½ teaspoon garlic powder
½ teaspoon sea salt
½ teaspoon freshly ground black pepper
2 teaspoons finely chopped flat-leaf parsley leaves
1 tomato, deseeded and finely diced
250 ml (1 cup) passata
⅓ cup basil leaves, plus extra to serve
sea salt and freshly ground black pepper
Preheat the oven to 180°C. Line a baking tray with baking paper.
To make the meatballs, cook the quinoa according to the packet instructions, then drain and set
aside to cool. Place the mushroom and kidney beans in the bowl of a food processor and process until
just combined. Transfer to a large bowl and stir through the quinoa. Add the remaining ingredients and mix well.
Roll the mixture into ten even-sized balls, then place on the prepared tray and bake for 18–20 minutes or until cooked through. To make the tomato sauce, heat the passata in a saucepan over medium heat. Add the basil
and salt and pepper to taste, then simmer for 5 minutes.
Divide the spaghetti between two plates and top with the meatballs and sauce. Scatter over the parmesan crumble and extra basil leaves.
You can also serve the meatballs and sauce as a tapas-style dish with the parmesan crumble.
If you prefer, you can shallow-fry the meatballs. Heat 3 tablespoons of avocado oil in a frying pan over medium heat. Add the meatballs and cook for 2–3 minutes on all sides or until golden and crispy.
Illustrated by Lisa Stewart
Lothian Children’s Books
Hachette Children’s Books
A beautifully illustrated, lyrical and informative story about dugongs, one of our most unique endangered animals. Ideal for anyone with an interest in marine life and the environment, and an excellent teaching resource.
There are not many dugongs left in the world now. But what if humans freed the sea from nets? What if we cleared it of rubbish so that seagrass could flourish again and dugongs could feed?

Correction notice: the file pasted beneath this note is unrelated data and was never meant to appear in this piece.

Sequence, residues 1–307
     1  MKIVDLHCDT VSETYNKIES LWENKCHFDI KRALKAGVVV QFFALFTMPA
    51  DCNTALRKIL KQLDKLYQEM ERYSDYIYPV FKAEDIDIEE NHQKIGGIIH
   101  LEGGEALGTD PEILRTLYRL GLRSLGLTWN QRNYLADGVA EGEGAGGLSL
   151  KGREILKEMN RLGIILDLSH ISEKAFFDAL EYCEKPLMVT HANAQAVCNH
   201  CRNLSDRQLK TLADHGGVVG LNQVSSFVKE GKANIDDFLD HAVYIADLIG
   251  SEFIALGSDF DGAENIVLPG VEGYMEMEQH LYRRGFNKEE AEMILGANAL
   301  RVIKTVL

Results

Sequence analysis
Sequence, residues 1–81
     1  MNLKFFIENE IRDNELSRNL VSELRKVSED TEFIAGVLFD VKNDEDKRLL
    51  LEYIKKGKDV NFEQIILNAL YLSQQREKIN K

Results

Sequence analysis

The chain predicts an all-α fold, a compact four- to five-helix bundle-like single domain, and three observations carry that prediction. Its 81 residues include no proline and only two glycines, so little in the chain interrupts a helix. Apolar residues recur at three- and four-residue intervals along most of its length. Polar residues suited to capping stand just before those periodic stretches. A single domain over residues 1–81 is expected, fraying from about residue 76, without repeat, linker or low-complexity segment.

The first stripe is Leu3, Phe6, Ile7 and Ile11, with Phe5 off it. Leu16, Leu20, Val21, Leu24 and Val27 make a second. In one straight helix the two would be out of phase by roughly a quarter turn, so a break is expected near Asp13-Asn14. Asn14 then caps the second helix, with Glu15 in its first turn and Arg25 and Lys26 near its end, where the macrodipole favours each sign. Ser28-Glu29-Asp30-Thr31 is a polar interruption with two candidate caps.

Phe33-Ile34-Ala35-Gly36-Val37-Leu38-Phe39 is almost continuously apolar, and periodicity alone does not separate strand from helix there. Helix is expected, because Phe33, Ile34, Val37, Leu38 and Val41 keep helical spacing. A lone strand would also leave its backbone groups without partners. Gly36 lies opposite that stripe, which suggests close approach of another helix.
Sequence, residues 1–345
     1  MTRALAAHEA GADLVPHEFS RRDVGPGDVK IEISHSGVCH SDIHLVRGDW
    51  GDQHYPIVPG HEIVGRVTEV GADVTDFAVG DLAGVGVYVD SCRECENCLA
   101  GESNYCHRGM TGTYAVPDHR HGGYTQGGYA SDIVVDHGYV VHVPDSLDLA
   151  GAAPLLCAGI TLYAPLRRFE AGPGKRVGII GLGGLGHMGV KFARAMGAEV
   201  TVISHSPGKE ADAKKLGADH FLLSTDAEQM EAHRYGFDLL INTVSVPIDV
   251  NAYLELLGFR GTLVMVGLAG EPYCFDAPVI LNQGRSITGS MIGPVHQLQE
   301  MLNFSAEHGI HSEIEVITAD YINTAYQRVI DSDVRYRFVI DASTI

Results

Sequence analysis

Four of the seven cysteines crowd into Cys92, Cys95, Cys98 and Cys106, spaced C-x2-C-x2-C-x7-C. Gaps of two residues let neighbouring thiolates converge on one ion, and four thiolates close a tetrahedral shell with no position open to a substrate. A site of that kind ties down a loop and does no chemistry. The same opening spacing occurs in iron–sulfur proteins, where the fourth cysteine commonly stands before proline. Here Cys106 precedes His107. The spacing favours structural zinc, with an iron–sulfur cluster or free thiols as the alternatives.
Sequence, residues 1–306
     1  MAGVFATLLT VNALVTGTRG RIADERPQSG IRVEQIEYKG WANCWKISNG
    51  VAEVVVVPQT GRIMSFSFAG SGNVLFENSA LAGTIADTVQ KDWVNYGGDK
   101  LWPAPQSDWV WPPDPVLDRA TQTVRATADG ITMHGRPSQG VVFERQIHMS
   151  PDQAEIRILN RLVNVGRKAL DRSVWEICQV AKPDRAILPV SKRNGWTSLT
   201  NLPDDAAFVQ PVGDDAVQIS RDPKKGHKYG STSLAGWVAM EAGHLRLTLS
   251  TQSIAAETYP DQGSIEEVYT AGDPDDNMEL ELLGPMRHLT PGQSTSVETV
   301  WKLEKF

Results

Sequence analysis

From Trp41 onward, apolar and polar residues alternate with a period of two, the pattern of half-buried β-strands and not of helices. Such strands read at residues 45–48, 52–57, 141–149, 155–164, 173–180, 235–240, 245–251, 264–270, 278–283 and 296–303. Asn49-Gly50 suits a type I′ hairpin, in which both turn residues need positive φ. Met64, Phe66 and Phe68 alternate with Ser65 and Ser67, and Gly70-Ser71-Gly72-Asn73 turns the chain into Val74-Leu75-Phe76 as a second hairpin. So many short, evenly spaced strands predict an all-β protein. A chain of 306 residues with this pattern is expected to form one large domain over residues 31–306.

A beautiful and thought-provoking picture book about dugongs – the mysterious creatures who were once mistaken for mermaids. Deborah’s Kelly’s beautiful, lyrical writing brings these animals to life, and highlights the dangers they face, inspiring young readers to care for and protect our natural world. Lisa Stewart’s gorgeous illustrations capture the beauty of these gentle and endangered creatures.
This is a very sensitively written book that provides gorgeous images with a message about ecology, the environment and optimism.
Read and learn about the dugong’s calf’s family close relationship, its habitat, it quests for sweet waters, pollution free, and an ocean that all can utilise.
For adults, teachers and carer’s there is a handy page of “Dugong Facts” to assist you answering those never ending “why” questions 😊, eg where they live, what does the name mean, how do they communicate? etc
A great teaching resource and an environmental call for action.
I am really looking forward to reading these books – what’s are you reading this week? Have you read any of these ?
I just wanted to share some recent 5 star book discoveries that I will be reviewing soon; some have recently been published, some will be published in the next month or so. Some are by debut authors, some are by favourites that never disappoint. I highly recommend these – as I read each one I thought “this is the best book I have read this year,” and then I read THE NEXT AND THOUGHT THE SAME THING. Such talent.
The Lying Room
Simon and Schuster
Wearing Paper Dresses
The Other Half of Augusta Hope
Every Time He Dies